#EveryNameCounts: Arolsen Archives call for challenge against forgetting

In honor of International Holocaust Memorial Day on January 27th (the anniversary of the liberation of the Auschwitz concentration camp), the Arolsen Archives have launched a major participatory challenge under the hashtag #EveryNameCounts.

The goal of the challenge was to digitize the names of 30,000 former prisoners from the Stutthof concentration camp as well as information about their path of persecution within one week.

The ultimate purpose was to make the data accessible to people all over the world in their online archive and create the world’s biggest digital memorial.

Now the challenge has ended and Arolsen Archives drew a conclusion: They reached their goal and the response to the challenge was overwhelming.

Thanks to the help of over 15,000 volunteers from all over the world, they have managed to digitize the names of almost 70,000 victims of Nazi persecution recorded on documents from various concentration camps and from a search index from the early post-war period.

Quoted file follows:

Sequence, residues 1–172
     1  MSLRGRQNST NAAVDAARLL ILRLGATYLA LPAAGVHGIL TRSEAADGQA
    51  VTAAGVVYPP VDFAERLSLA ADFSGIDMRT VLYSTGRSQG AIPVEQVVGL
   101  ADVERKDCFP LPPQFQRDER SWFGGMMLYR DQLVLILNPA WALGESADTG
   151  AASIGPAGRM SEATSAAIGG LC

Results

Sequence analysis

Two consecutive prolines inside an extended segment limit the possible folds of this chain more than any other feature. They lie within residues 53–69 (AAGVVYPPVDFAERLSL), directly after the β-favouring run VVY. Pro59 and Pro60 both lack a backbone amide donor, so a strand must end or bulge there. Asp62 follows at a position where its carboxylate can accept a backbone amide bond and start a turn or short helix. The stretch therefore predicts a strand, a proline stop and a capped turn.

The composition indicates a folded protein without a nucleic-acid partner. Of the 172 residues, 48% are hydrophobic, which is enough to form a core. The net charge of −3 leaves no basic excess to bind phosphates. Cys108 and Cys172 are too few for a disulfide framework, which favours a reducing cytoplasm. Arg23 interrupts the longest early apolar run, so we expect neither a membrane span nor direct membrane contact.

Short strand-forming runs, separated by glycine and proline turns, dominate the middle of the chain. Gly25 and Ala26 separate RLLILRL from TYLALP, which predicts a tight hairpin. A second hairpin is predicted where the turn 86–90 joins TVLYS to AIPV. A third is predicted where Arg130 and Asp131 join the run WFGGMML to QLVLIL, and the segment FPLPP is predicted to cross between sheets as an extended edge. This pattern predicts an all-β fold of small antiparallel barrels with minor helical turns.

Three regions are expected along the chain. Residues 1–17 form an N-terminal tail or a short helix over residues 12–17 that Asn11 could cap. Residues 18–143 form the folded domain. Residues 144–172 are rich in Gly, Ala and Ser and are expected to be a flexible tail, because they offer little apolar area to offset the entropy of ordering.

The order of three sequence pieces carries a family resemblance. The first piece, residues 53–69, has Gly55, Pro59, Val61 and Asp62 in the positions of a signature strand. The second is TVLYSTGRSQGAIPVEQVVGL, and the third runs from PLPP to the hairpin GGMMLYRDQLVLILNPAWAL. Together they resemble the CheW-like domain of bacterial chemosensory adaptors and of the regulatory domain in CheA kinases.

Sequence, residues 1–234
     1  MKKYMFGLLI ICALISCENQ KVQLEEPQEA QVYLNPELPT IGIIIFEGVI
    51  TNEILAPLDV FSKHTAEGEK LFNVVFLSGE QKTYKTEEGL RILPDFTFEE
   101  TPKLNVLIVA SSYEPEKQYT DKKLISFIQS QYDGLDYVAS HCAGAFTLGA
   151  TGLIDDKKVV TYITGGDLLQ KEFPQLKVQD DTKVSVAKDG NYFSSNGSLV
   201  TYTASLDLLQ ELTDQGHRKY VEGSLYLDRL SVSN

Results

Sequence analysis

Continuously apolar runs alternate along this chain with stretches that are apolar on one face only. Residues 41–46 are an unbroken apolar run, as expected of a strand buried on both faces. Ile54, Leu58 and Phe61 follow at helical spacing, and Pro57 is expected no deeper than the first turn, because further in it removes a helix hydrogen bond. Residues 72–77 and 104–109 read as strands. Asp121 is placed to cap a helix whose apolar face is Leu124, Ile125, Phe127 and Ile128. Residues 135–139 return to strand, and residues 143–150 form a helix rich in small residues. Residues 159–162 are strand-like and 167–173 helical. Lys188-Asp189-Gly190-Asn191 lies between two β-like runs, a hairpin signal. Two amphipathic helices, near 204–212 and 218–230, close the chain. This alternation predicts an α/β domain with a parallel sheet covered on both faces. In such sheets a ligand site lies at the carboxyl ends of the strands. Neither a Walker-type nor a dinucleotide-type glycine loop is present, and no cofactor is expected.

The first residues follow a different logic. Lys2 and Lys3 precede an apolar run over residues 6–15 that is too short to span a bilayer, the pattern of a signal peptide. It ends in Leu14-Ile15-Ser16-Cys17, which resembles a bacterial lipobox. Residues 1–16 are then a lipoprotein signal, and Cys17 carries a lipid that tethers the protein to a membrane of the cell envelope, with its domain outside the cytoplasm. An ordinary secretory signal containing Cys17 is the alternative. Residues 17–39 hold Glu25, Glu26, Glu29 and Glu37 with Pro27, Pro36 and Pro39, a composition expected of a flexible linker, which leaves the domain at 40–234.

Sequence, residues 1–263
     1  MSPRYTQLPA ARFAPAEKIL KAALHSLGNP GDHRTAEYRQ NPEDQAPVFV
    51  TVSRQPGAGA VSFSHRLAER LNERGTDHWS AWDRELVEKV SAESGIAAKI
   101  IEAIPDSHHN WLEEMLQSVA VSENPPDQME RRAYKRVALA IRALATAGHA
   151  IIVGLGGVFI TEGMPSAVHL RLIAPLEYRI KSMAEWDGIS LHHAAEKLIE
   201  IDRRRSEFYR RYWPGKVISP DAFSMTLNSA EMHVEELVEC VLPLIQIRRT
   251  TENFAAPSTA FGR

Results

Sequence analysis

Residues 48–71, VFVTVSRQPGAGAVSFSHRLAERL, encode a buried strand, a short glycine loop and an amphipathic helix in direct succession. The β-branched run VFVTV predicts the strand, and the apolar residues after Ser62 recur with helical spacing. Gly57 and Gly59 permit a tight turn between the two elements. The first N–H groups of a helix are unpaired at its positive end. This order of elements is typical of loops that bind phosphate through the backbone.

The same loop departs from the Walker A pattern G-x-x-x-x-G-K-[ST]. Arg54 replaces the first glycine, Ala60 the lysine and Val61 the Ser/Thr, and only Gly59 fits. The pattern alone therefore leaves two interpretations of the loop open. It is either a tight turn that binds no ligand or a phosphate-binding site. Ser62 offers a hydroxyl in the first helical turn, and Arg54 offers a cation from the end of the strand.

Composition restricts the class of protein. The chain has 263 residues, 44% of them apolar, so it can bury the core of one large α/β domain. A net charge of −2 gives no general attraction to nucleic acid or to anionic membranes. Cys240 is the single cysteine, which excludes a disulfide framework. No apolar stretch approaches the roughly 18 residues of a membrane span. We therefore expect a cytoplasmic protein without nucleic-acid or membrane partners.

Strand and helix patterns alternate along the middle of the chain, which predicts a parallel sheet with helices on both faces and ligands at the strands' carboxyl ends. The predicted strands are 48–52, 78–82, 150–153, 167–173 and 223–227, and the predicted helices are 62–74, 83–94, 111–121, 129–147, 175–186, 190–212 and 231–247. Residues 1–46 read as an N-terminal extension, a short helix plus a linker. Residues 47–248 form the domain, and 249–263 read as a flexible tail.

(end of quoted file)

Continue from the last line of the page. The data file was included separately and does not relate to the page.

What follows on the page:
Assuming it takes an average of three minutes to process each document, volunteers have donated 10,500 hours of their time! (Considering the data has to be triple checked for quality assurance purposes, which means every document is processed three times.) (Source: Arolsen Archives)

#everynamecounts as school project

Numerous schools all over Germany used the #everynamecounts challenge as a way to approach the topic of Nazi persecution in class. Some of our AMeLiE partner schools took part in the challenge, too!

Even if the challenge is over, #everynamecounts continues: There are still millions of documents left that need to be digitised in order to expand the online archive. Arolsen Archives therefore continues to ask people all over the world for support in order to build a digital memorial to the victims and survivors of Nazism.

Read the whole press release of Arolsen Archives here: https://arolsen-archives.org/en/news/everynamecounts-challenge-ueber-15-000-freiwillige-waren-dabei/

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